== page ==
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Phone scams that promise punters non existent prizes are the UK's number one con, according to a survey by consumer group Which?.

A third of adults say they've received an automated call offering them the chance to claim a cash prize or holiday, while two million grown-ups have called a premium rate phone line charged at up to £1.50 a minute to try and claim their "prize".

Said Malcolm Coles, editor of Which?: "The con artists who run these scams are experts in fooling people into parting with their money. Unfortunately, it's rare to get something for nothing - if it sounds too good to be true, it probably is."

In a bid to try and crack down on premium rate scams new legislation has just been introduced that sees the maximum fine for offenders increased from £100,000 to £250,000.

Speaking just before Christmas the head of regulator ICSTIS, George Kidd, said: "Our current fine limit of £100,000 is no longer sufficient to deal with the worst services we see.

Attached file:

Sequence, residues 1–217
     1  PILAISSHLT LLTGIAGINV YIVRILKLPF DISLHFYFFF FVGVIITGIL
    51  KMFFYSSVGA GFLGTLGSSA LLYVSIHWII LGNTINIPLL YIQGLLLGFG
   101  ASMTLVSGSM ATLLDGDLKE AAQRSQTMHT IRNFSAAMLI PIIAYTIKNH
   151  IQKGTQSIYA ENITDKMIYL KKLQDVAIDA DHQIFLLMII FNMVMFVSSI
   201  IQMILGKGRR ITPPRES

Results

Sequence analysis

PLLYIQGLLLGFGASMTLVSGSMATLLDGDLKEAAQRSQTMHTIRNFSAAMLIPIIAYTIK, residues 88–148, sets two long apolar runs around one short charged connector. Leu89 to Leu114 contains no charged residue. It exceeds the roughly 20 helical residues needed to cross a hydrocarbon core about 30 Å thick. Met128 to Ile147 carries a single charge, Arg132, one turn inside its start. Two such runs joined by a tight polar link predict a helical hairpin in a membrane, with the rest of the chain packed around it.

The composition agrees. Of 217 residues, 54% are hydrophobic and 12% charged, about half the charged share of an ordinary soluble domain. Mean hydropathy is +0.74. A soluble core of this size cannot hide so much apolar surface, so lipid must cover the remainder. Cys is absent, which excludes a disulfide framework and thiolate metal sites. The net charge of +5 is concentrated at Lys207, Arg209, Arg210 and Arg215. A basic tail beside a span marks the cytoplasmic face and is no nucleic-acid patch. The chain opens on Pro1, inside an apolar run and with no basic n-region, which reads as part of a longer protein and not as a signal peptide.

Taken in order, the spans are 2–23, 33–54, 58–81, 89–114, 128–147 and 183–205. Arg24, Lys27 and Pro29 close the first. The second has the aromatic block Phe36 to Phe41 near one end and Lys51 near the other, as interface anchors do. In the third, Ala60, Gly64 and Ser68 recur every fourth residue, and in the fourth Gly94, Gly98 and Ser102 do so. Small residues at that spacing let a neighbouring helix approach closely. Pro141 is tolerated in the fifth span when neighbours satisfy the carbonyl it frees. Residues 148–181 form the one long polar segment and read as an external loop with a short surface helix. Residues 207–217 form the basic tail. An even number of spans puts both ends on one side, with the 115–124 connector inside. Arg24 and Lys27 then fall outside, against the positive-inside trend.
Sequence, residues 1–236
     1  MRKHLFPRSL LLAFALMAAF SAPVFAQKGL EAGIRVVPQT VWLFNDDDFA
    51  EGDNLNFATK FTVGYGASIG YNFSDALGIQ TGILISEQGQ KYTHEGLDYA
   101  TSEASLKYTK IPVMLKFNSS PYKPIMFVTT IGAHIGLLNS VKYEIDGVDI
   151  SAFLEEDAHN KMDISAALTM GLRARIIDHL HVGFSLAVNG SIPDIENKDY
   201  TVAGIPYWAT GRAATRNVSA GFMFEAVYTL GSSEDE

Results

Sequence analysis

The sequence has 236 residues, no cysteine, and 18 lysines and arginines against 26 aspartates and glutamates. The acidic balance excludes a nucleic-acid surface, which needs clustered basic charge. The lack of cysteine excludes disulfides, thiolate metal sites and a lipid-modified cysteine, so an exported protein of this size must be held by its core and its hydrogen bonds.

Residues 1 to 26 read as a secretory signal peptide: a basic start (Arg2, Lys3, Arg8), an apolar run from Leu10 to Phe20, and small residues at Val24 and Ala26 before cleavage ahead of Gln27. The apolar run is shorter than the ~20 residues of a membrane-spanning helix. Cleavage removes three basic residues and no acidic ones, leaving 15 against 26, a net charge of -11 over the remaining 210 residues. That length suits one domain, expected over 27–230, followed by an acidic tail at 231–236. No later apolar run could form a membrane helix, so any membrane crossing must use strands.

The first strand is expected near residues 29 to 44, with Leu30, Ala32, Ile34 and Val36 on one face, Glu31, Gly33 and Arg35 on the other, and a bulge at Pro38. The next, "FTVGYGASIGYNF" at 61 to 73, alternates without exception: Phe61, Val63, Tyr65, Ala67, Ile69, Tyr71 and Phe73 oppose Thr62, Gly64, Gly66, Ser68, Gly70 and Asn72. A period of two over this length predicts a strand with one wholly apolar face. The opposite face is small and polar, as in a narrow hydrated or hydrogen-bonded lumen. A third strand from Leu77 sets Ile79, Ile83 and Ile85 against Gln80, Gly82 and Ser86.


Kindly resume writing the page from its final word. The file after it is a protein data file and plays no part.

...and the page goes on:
"A new fine limit, combined with the other proposals in the Ofcom review to strengthen consumer protection, should ensure that the relatively small number of rogues out there do not continue to damage trust and confidence in the entire premium rate industry."

Elsewhere, the Which? survey also described the internet as a "breeding ground for scams". Its survey found that one of the most common cons is the so-called "Nigerian 419" email scam which offers to pay out huge wads of cash in return for an up-front fee, absolute secrecy and a foreign bank account number.

It goes without saying that punters never receive their cash. ®

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